Spotlight On webinars:
Feb. 26, 2–3:30 pm EST
Where do the differences lie between the LIHTC program and HUD programs when it comes to management functions? Join Jo Ikelheimer as she highlights the key disconnections between the two programs.
$95 (online) • More info
Demystifying Monthly Financial Statements
March 26, 2–3:30 pm EST
Knowing how to quickly drill down and understand the meaning of the numbers in a monthly property-level financial statement is critical to good decision-making. This webinar will help you zero in on the numbers that matter.
$95 (online) • More info
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HUD Announces Final Rule on Discriminatory Effects in Housing
By Mark S. Alper, RHM, VP Compliance
On Feb. 8, 2013, HUD announced its Final Rule on the implementation of the Fair Housing Act’s Discriminatory Effects Standard. The 83-page notice will become effective 30 days after its publication in the Federal Register, and has broad impact given the Fair Housing Act’s scope which includes not just HUD-assisted housing, but almost all housing in the United States—market rate, Section 42 Low Income Housing Tax Credit, mortgage financing/lending, condominiums, etc.
Special live webinar on final rule, Feb. 27 – learn more
The notice, which includes terms of legal art such as “disparate impact,” explains how HUD will make determinations in making cause findings of discrimination in violation of the Fair Housing Act. One of the more interesting aspects of the notice is its statement that housing providers may engage in practices that are “facially neutral,” and still be found to have engaged in discrimination. In layman’s terms, a housing provider can have a policy, practice or procedure that is not designed to discriminate, applies to everyone and has no intent of discrimination, and still be charged with violation of the Fair Housing Act.
Read the full text of this article online
By Jo Ikelheimer, MPA, RHM
I joined a sizable group of industry professionals last month at the National Council of State Housing Agencies’ annual HFA Institute workshops for the LIHTC program. To kick things off, we received a program overview by industry officials representing states, syndicators, tax accountants, and housing policy organizations who were all pleased with the recent passage of H.R. 8 that gave the tax credit program a couple of small victories. (These were discussed in last month’s HMU article.) The buzz words from this session included deficit reduction and tax reform, which are of course hot topics among legislators in DC these days and have significant potential for impacting the housing credit program.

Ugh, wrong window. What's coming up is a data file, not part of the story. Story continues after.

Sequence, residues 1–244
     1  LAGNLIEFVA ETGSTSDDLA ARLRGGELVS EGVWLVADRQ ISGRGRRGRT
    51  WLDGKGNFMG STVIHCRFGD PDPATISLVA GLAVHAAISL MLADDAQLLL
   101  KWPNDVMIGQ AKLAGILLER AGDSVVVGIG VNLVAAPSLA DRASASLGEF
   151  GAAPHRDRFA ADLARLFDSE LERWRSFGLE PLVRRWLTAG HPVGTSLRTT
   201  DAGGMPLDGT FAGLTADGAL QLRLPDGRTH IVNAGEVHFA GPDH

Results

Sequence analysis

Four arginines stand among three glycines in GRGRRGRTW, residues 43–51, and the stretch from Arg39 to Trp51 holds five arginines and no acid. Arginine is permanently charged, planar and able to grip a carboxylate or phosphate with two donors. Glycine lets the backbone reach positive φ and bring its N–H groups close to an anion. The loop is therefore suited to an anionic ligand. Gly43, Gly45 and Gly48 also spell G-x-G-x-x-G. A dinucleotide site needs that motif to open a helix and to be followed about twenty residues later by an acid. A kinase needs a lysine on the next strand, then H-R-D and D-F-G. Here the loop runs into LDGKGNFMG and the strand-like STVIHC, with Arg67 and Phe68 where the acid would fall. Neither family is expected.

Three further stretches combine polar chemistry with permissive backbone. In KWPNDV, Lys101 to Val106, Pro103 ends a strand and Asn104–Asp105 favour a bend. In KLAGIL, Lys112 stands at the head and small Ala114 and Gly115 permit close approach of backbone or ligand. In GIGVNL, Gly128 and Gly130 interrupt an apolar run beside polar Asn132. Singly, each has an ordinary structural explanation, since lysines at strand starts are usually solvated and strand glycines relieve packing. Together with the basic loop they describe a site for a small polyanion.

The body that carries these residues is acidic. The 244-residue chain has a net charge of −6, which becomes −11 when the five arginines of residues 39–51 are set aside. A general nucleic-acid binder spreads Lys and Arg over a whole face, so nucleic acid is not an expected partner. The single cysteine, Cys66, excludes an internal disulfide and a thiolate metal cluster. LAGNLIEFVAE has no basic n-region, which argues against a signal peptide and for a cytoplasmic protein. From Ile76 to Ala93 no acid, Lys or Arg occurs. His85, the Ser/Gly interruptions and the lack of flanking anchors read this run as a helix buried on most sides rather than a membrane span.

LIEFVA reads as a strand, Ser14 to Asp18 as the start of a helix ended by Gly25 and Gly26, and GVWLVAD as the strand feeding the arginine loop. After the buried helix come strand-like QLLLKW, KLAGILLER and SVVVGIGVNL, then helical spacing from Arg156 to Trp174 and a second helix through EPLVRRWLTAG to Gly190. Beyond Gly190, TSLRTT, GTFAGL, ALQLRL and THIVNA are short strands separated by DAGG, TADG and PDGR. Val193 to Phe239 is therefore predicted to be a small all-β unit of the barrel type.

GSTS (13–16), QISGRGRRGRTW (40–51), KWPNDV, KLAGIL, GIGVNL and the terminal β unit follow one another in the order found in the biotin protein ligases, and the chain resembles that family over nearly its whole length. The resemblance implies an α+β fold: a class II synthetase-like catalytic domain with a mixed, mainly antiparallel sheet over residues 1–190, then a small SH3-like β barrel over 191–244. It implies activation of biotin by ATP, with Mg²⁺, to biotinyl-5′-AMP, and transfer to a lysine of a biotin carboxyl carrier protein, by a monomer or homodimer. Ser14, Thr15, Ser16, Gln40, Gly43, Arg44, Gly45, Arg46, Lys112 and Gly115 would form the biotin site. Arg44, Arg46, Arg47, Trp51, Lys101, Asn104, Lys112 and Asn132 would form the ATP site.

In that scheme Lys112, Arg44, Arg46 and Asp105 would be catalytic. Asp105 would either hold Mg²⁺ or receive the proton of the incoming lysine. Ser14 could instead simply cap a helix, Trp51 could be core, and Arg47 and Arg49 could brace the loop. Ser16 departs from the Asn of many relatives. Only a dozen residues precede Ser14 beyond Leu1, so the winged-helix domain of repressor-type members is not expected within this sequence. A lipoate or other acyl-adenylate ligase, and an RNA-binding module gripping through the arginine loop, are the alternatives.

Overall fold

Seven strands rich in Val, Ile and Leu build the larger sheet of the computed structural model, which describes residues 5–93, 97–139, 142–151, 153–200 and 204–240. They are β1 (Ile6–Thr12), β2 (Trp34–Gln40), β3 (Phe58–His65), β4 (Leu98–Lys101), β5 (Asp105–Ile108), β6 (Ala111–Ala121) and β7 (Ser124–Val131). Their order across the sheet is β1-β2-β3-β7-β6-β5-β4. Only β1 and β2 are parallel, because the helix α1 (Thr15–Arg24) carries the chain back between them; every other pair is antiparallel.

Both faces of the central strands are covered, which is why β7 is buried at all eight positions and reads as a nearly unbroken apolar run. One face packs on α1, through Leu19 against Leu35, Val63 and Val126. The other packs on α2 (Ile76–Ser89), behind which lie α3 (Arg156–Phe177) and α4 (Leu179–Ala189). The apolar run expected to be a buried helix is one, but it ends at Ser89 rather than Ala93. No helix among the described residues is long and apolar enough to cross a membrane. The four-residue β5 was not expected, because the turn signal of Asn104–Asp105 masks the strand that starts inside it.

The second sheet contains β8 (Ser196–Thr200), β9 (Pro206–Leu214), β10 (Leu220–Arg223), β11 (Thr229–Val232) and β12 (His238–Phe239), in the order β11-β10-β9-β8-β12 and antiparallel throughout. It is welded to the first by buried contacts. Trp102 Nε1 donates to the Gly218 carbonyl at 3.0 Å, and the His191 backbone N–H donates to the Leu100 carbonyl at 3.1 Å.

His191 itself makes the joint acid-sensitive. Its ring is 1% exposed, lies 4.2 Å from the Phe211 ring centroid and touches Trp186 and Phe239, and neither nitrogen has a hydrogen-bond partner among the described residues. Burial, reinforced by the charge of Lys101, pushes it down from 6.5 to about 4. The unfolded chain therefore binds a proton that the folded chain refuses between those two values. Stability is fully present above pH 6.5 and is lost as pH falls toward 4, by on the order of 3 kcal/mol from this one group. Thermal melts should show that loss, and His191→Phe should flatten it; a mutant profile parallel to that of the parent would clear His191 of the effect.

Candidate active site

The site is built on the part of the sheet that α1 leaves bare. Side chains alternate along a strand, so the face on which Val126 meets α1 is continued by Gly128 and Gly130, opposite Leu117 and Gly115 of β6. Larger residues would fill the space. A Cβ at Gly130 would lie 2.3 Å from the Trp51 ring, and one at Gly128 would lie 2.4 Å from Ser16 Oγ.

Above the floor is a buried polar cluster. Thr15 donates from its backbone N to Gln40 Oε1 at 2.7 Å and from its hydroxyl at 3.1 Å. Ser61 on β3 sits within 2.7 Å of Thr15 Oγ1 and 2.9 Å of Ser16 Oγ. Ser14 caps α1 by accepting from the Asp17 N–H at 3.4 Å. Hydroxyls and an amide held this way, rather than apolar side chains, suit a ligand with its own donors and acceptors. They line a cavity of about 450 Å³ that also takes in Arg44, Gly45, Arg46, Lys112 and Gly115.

There were mixed reviews, however, as to if and when these initiatives will be implemented. In addition, increases in recapitalization of post year-15 projects, in shortages of soft funds for LIHTC financing, and in the number of high-cost projects were also discussed in detail by the panelists. On a final note, they issued a cautionary message for those in attendance to beware of the risk of negative press coverage for LIHTC similar to that which led to a considerable decrease in HOME funding, as well as the the continued risk to the program from tax reform. Industry participants were urged not to become complacent and lose their passion for spreading the message of the program’s successes.
So that was the macro perspective. Breakout sessions delved into the ‘micro’ issues of properly managing and maintaining compliance at LIHTC properties. One of the most illuminating session dealth with EIV and LIHTC.
EIV for LIHTC has been a hot topic since the mandatory implementation of HUD’s Enterprise Income Verification (EIV) System on January 30, 2010 and the subsequent disallowance for LIHTC owners of using the EIV data for verifications at properties that have blended HUD and LIHTC funding. According to HUD representative Benjamin Metcalf, who spoke on one of the compliance panels at the event, HUD is exploring an option for requiring tenants to sign a consent form allowing disclosure of the EIV data to state agencies as a condition of tenancy, which means that it could be used on the Tenant Income Certification (TIC) forms for purposes of recertification.
Read the full text of this article online